I dunno that anywhere in the old place took more than 10 steps, and if I ever said it did, I was vastly overestimating.

My “comfort food” is a thing of the past. It’s not available out here.

This place has twice the windows the old place has, and curtains were an expense we couldn’t afford on top of the rest of the cost of the move. And since we’re so close to a rather well-traveled road, we really can’t run around in our underwear and/or naked. I mean, we could, but I don’t think the families on their way to their vacation spots would be appreciative.

Yeah, you read that right. We live where other people go for vacation. Be jealous. Lol.

The curtain issue will be alleviated this weekend, probably, but we’re quickly approaching Autumn, which means it won’t be too much longer before we have to have the heat on. Our heat runs on oil. That shit’s expensive. So we’re going to have to conserve as much as possible, which means wearing clothes in the winter. Luckily, this year, our new landlord filled the tank before he moved out, so that’ll save us some money this winter, but it would be stupid (and completely ungrateful) not to start conserving this year just because someone else paid for our heat.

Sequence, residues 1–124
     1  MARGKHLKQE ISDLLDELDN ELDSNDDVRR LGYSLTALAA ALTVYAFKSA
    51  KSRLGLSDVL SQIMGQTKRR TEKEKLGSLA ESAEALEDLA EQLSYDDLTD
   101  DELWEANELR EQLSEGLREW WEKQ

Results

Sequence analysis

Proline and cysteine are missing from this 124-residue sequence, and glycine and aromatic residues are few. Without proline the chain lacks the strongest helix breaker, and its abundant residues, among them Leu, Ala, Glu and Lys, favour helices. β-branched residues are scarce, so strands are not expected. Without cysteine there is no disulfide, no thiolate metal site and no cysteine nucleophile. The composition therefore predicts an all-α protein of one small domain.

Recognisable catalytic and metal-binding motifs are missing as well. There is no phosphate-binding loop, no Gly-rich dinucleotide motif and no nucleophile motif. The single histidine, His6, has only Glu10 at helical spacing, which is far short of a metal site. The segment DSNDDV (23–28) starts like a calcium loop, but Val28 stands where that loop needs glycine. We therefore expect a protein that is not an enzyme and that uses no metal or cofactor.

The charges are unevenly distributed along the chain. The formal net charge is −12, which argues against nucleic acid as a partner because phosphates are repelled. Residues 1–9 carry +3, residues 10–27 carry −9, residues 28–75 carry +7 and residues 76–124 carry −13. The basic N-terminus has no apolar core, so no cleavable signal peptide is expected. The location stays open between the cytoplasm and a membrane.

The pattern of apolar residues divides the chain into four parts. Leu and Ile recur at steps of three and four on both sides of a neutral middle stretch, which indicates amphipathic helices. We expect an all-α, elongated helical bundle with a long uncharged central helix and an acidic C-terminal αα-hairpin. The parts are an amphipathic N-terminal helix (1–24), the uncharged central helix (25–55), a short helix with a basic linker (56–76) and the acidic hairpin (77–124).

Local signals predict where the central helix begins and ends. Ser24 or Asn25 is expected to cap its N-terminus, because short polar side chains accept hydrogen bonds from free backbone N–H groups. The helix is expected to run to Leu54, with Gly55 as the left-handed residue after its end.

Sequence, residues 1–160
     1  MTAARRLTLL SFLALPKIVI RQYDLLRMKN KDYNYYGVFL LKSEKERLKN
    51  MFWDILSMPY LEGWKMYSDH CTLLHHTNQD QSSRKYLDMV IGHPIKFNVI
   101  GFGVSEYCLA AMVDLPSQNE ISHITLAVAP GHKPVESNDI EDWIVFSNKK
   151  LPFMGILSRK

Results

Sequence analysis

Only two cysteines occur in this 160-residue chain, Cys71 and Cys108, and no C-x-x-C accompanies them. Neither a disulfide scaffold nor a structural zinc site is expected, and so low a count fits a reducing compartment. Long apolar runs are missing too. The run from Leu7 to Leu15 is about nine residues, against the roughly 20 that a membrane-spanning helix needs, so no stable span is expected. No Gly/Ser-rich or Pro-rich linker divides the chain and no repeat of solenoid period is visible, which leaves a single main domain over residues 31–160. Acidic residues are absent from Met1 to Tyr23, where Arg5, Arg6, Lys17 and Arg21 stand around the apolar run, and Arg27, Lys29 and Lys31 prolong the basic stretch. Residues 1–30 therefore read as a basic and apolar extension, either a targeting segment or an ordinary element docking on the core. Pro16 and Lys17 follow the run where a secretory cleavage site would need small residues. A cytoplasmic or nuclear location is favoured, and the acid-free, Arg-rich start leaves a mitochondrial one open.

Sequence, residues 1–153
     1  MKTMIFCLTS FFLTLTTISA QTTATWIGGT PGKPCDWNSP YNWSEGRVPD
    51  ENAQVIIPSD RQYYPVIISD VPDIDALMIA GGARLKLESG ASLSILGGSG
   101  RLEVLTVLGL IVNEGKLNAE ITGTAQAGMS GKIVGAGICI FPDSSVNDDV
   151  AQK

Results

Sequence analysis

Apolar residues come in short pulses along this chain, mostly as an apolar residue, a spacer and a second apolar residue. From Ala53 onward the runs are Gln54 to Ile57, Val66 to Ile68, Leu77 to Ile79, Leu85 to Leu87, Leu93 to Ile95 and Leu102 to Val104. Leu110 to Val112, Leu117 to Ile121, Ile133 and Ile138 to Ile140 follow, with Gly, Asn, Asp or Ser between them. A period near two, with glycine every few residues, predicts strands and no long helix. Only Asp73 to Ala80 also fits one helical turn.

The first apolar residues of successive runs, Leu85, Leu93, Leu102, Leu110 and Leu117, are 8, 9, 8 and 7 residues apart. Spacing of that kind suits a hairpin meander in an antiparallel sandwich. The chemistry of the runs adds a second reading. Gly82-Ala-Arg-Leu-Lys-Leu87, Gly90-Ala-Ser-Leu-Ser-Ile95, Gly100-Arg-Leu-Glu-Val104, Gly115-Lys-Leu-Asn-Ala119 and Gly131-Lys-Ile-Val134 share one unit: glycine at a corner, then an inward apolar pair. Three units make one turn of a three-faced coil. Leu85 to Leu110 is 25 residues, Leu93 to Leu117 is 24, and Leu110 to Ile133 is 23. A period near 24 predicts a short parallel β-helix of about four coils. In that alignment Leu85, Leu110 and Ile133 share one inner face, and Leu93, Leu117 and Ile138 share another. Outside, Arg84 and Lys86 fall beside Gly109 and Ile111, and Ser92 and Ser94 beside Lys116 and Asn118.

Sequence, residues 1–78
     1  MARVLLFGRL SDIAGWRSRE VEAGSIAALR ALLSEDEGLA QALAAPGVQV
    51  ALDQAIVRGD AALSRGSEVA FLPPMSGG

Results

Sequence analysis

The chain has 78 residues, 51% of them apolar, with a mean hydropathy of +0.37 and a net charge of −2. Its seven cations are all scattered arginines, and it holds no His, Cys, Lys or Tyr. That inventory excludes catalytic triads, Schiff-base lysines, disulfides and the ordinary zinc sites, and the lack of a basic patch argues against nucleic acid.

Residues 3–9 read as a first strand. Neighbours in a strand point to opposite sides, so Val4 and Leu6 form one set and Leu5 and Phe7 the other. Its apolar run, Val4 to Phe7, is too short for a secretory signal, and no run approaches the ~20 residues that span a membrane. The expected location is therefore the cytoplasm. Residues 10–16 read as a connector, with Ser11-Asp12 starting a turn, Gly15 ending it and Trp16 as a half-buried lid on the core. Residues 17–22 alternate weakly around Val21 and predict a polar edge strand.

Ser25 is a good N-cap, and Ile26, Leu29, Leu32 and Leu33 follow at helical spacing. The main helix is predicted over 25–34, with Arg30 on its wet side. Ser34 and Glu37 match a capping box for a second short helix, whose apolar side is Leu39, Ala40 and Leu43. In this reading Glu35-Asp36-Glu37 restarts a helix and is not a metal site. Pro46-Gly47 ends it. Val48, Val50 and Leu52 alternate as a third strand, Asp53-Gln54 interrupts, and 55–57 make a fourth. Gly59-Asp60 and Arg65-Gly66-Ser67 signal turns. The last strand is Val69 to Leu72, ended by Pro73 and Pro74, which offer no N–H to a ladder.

M hung a clothesline to try to save some money on electricity. We use less lights because who needs ’em when you’ve got a thousand windows? And we haven’t even installed our window unit a/c, which turned out to be a good decision because we’ve only wished we had it one day. And would you look at that? We survived without it.

Staring at the stars has become a nightly thing. Who knew you could see so many without the light pollution of the city?

In short, it looks like our lifestyle of excess and unnecessary stress is becoming a thing of the past. It’s partly out of necessity, partly circumstantial. But I kinda like it.

  1. Heaven
    September 21st, 2016 at 11:53 | #1

    That is a beautiful kitchen, I am glad you are liking your new place.